You've seen the protests, heard the controversy and chances are, your student has dealt with it in school
But with all the changes going on in education, it's not wrong to ask - what exactly is Common Core and what isn't?
Let's start broad. There are three major reforms going on in our schools right now.
One is teacher evaluations.
All teachers are scored on a scale of ineffective to highly effective.
A big chunk of those points come from how well students do on special tests called student learning objectives.
Two is Data Driven Instruction.
Teachers make a test and then teach to that test and then students take the test.
Teachers look at the results and see if there were gaps in what the students learned.
And three is the one that is causing all the noise, the Common Core.
It's a new set of higher standards that 45 states, including New York have adopted.
"The standards are meant to be more uniform and they're meant to be more rigorous," said Tom Burns, superintendent of St. Lawrence-Lewis BOCES.
So basically, every school in those 45 states is teaching the same things in each grade and everyone is being graded on the same things.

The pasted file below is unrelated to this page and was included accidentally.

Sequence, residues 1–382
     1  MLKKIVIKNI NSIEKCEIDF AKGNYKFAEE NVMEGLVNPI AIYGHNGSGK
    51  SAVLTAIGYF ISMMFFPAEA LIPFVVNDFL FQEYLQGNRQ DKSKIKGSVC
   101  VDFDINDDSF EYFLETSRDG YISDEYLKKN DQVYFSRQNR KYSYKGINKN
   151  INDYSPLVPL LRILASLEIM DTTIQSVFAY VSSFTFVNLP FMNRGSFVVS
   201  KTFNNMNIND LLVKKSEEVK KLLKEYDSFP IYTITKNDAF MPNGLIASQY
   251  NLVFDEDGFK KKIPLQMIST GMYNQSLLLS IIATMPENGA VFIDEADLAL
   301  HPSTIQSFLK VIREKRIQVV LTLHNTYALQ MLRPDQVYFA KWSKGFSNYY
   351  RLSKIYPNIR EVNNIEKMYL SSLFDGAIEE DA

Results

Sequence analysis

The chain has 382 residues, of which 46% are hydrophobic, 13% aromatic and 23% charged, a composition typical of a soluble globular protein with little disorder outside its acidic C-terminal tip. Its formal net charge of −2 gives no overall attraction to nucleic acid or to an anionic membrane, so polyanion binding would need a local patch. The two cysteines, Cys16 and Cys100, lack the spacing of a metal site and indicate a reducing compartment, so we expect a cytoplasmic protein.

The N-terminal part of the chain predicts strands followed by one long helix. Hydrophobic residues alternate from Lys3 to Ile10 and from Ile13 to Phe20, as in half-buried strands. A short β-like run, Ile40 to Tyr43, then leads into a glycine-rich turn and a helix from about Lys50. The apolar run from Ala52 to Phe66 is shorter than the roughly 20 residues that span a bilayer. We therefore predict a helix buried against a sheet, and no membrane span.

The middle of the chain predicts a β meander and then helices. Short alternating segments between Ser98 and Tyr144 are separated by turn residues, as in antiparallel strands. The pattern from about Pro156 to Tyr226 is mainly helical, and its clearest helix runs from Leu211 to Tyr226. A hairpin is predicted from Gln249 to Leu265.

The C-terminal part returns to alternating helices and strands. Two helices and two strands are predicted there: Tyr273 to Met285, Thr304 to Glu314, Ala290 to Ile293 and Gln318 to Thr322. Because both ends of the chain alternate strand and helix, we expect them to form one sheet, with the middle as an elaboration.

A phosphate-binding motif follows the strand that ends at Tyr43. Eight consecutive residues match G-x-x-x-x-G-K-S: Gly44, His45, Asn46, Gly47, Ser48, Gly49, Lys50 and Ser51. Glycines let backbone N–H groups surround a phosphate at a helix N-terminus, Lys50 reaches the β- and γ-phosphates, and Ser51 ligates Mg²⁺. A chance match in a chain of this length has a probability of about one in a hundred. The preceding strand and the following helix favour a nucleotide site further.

So why the Common Core?
The point is this: the U.S. is falling behind the rest of the world.
Pearson, the largest education company in the world, says the U.S. ranks 17th in global education.
And even here at home, half of college students never graduate.
"They're not prepared for college and they need to take the very costly remedial courses or there's a very high dropout rate in the first year of college," said Pat Brady, superintendent Potsdam Central School District.
The other part is making sure everyone is learning the same things at the same time, which is helpful in the north country
"Especially with Fort Drum being so close, we're sometimes getting a child coming in as a 3rd grader in Mississippi into our 3rd grade and probably put them into our first grade because the curriculums aren't even close to being the same," said Scott Connell, superintendent of Copenhagen Central School District.
That is what Common Core is supposed to do, make our students more prepared for careers or college in a global economy.
But there are concerns, many concerns with how Common Core actually works.
Asa Stackel will talk about those in Part 2 his series "Common Core: The Basics."
It airs Monday, Tuesday and Wednesday on 7 News at 6.